Japanese stocks have long trailed other Asian markets. During the five years ending in February 2007, the average Japan fund returned 12.9 percent annually, while Asian funds outside Japan returned 21 percent. But the Japanese could be picking up steam. In recent months, the Japanese gross domestic product has been growing at an annualized rate of more than 5 percent--double the figure for the U.S. Many companies are reporting double-digit earnings gains.
That is a big change from the recent past. Beginning in 1989, Japan suffered a 15-year period of stagnation and recessions. Banks struggled with heavy debt burdens. Committed to providing lifetime employment, corporations refused to lay off workers who no longer produced profits. Then gradually, the economy recovered. After writing off bad debts, banks became healthy. Corporations restructured and started moving aggressively into developing Asian markets. Now Asia accounts for half of Japan's exports. Sales to China and other emerging markets are climbing 15 percent annually.
While the Japanese economy is growing, interest rates on 10-year government bonds remain around 1.5 percent. That has made borrowing costs tiny and encouraged Japanese companies to increase their spending on capital goods. The low interest rates are also providing an incentive for Japanese consumers to buy stocks. Most Japanese now have their savings in bank accounts that yield 0.2 percent. Unsatisfied with such a tiny return, some people are beginning to buy mutual funds and stocks. The retail investors could start pushing up the stock market.
The impact of the new retail investors began to become clear in 2003. During that year, Japan funds returned 38.1 percent. For the next two years, the funds produced double-digit returns. In 2006, the funds suffered losses, as business scandals undermined confidence in stocks. But that blip now appears to be in the past. In the three months ending in February, the average Japan fund returned 5.1 percent.
Whether or not Japanese stocks skyrocket, they can still provide excellent diversification. As the history of the last three decades has shown, Japanese markets do not move in lockstep with Wall Street. Part of the reason for the divergence is that Japanese real estate and banking markets are not necessarily correlated with counterparts in the U.S. In addition, Japan's stock markets are composed mainly of industrial and cyclical companies, such as Honda and Nikon. In contrast, the U.S. markets are dominated by service businesses, such as American Express and Wal-Mart Stores. While business is becoming increasingly global, industrial and service businesses do not necessarily rise and fall at the same times.
Which Japan fund makes the best choice? To find a winner, we turned again to the eight-part screens developed by Donald Trone, chief executive officer of FI360, a consulting firm in Sewickley, Pa. Trone's due-diligence process seeks to find funds that are at least three years old and have a minimum of $75 million in assets. At least 80 percent of holdings must be consistent with the category. One- and three-year total returns must exceed category medians, as must five-year results if the fund is that old. Alpha and Sharpe ratios must also top category medians. The expense ratio must fall below the top quartile.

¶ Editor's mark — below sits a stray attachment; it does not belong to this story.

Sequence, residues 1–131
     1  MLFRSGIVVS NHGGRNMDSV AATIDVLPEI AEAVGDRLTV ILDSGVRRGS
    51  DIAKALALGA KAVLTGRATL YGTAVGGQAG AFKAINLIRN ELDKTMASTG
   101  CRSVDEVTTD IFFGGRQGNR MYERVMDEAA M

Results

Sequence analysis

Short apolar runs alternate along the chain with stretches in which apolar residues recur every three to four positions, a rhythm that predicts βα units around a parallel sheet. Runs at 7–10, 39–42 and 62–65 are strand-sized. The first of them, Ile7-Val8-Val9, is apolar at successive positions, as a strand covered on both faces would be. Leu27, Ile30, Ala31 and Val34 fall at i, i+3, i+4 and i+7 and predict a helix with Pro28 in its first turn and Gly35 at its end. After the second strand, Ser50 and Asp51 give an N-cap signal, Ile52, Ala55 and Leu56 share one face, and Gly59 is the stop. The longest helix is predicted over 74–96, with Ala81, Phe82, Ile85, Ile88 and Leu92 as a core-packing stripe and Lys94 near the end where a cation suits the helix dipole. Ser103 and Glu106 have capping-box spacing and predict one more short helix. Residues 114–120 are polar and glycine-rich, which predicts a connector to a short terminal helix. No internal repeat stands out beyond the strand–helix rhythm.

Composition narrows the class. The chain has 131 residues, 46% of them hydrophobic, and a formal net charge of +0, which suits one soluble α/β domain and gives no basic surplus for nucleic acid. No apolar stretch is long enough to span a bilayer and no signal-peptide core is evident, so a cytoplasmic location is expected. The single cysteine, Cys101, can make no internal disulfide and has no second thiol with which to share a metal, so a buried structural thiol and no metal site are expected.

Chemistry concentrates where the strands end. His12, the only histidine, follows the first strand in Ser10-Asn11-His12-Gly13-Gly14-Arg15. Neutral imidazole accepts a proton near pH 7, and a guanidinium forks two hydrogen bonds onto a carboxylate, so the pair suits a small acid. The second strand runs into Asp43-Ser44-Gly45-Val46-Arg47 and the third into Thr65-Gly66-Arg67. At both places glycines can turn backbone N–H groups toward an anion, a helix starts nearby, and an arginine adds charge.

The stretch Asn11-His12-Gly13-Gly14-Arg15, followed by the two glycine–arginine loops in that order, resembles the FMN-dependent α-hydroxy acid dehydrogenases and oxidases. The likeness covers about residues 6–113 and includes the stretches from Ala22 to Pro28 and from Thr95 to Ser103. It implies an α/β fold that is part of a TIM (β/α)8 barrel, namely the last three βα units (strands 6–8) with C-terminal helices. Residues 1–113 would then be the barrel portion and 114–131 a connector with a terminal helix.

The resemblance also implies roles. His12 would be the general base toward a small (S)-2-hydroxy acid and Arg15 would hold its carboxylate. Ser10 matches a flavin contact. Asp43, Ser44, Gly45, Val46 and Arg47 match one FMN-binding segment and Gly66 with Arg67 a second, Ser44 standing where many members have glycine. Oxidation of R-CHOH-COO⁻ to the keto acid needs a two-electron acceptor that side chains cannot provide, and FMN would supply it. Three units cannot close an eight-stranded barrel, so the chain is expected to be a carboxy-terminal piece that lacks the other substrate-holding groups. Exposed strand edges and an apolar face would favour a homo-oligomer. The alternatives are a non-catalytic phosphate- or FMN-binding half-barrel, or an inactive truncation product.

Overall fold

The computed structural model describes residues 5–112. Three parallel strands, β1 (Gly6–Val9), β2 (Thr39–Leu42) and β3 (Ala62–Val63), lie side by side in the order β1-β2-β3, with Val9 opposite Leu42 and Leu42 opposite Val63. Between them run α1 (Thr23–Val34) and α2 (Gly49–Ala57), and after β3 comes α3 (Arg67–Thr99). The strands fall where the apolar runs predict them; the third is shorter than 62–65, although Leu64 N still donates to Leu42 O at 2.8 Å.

The screens narrowed the field from 43 contenders down to 11. Top finishers included JP Morgan Japan and T. Rowe Price Japan. But we awarded the title to Fidelity Japan, which had the top five-year returns.
Fidelity achieved its winning record by following a disciplined approach, buying companies with strong market niches and sustainable earnings. While the fund falls in Morningstar's growth box, veteran portfolio manager Yoko Ishibashi is careful to avoid pricey picks. "She has consistently stuck to buying growth at a reasonable price," says Dan Lefkovitz, a senior Morningstar analyst.
The average holding in the portfolio has been reporting annual earnings growth of more than 11 percent. Though it owns stocks of all sizes, the fund falls in the large-cap box, and many holdings are big blue chips. Ishibashi particularly likes companies that are reporting earnings surprises. One of the fund's biggest gainers recently has been game maker Nintendo. The shares have more than doubled in the past year, as sales gains surprised Wall Street. Nintendo had long been the number-three player in the field behind Sony and Microsoft. But lately the laggard has jumped into the lead, helped by its breakthrough Wii console, which enables participants to play realistic versions of tennis and golf. "The Wii gaming system is beating everyone," says Morningstar's Lefkovitz.
Another exporter in the portfolio is Toyota Motor. The auto giant sells for a modest price-earnings ratio of 15, even though the earnings are growing at an annual rate of 13 percent. The company seems likely to continue increasing earnings. Toyota is gaining market share in the U.S. and around the globe. Sales gains are particularly strong in the emerging markets. Toyota dominates Japan, with a 40 percent market share. Even in the home market, the company is gaining sales.
Fidelity is also buying stocks that should benefit from the growing Japanese market for mutual funds and investments. One of its holding is Sumitomo Trust & Banking, which is a leading asset manager. The bank oversees private accounts for wealthy clients and also offers products for middle-income consumers.
A big advantage for Fidelity Japan is its low expense ratio of 1.05 percent. In contrast the average Japan fund charges 1.70 percent. By keeping costs down and picking solid stocks, the fund should continue delivering winning results.
Stan Luxenberg (firstname.lastname@example.org), the magazine's Best of Breed columnist, is a New York-based freelance business writer and has long been a regular contributor to Wealth Manager.